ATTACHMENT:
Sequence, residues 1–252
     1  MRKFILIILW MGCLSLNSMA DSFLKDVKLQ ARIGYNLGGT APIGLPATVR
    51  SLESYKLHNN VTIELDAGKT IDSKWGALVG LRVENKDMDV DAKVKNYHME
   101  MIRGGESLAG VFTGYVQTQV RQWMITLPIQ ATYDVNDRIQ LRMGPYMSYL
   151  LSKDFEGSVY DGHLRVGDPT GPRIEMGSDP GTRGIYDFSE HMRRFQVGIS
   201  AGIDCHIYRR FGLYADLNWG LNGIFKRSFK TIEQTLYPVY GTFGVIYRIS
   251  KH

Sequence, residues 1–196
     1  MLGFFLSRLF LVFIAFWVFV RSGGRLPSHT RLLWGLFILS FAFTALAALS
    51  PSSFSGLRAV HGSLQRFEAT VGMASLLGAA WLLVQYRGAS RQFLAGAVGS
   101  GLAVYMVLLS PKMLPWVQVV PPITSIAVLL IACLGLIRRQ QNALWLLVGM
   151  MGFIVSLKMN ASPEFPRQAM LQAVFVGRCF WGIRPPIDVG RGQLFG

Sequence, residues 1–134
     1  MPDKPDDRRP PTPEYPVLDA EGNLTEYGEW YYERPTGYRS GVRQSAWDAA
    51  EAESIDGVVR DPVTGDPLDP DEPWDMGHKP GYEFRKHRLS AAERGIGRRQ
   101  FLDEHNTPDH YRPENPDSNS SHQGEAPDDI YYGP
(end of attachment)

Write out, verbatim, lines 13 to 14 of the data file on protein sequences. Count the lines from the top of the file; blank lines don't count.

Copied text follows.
Sequence, residues 1–134
     1  MPDKPDDRRP PTPEYPVLDA EGNLTEYGEW YYERPTGYRS GVRQSAWDAA